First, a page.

I can't remember if I mentioned this in a blog entry before, but if I did, well, you get a bonus! I switched my major from Business to English this semester, and I have to say that English is about a thousand times harder than Business ever was. I expected that, given my love of reading, that English would be the most commonsense place to put my learning energy. After all, they say you are most successful at work when you do what you love. Apparently, all I've done is take something I love, reading, and turn it into work. And then add a heaping pile of writing, which was already work, on top. And don't even get me started about all the thinking I have to do! I tell you, Business was the easy road.
This semester I'm taking Myths and Legends in Literature and Critical Analysis of Literature. Here are the main arguments I have against me being an English major:
1. Business classes offer evening classes that meet one night a week for three hours. You get all your learning in one fell swoop, and then you don't have to think about it again for days. English classes don't offer night classes, and the day classes meet two days a week, for 75 minutes each. It is definitely not the most efficient use of time.
2. Once a week classes assign homework once a week. (You don't have to have a college degree to figure that one out!) You have a whole week to do it, and it was usually a reasonable amount, like one chapter. My English classes assign a pile of homework on Monday and then again on Wednesday, so I am doing homework most days of the week. For example, read one chapter plus write a 2-page double spaced report about it. It is an overwhelming amount of work.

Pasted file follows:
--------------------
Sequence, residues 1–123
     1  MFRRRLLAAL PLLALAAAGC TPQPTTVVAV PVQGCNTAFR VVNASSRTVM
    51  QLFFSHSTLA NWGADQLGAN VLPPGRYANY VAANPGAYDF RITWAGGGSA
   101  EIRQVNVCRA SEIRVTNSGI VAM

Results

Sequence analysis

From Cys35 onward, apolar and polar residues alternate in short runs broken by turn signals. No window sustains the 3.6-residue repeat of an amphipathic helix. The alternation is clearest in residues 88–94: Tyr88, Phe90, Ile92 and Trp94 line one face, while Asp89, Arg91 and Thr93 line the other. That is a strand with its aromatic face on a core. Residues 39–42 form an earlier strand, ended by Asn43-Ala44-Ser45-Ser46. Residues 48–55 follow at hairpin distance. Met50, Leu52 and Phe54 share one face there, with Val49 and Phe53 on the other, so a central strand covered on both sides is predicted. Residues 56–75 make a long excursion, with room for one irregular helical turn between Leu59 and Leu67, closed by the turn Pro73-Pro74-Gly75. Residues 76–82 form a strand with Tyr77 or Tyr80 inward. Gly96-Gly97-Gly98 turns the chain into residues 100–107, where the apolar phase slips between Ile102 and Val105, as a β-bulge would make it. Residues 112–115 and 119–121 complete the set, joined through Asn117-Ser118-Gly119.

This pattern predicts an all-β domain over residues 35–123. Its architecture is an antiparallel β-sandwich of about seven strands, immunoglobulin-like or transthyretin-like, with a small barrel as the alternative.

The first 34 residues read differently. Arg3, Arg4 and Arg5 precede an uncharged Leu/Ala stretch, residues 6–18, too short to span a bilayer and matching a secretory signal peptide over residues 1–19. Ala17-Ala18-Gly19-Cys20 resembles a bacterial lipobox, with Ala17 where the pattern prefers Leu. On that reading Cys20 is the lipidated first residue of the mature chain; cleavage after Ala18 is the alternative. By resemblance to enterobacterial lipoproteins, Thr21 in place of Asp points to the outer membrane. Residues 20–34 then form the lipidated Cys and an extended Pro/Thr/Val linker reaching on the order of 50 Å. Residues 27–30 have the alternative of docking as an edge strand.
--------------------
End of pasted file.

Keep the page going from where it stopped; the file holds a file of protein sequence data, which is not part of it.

3. Business classes are logical and common sense. You read the text, memorize the answers, and regurgitate it onto the exam. Most of the information you would have already known from watching a season or two of The Apprentice. In English, you read the text, then you have to think about it, and come up with some interesting thoughts that you can then write about. You have to think of intelligent sounding comments about the text for the class discussion. It's just think, think, think, all the time! I don't know what they expect of me in that English department!
Doing this much reading and thinking and writing has left me no time for other things that I consider fun. I haven't done much recreational reading this whole semester; in fact, I started listening to The Story of Edgar Sawtelle three weeks ago and am barely crawling through it. (It doesn't help that the book, billed as a "thriller" is so boring that I was palpably disappointed when I realized that the book comes in three parts, not two, and I'm only a third of the way finished! I don't know if I can take 14 more hours of dog training techniques.) I have gotten to read a lot of interesting things I wouldn't have tried before in these classes, but nothing that I've gotten to pick myself just for fun.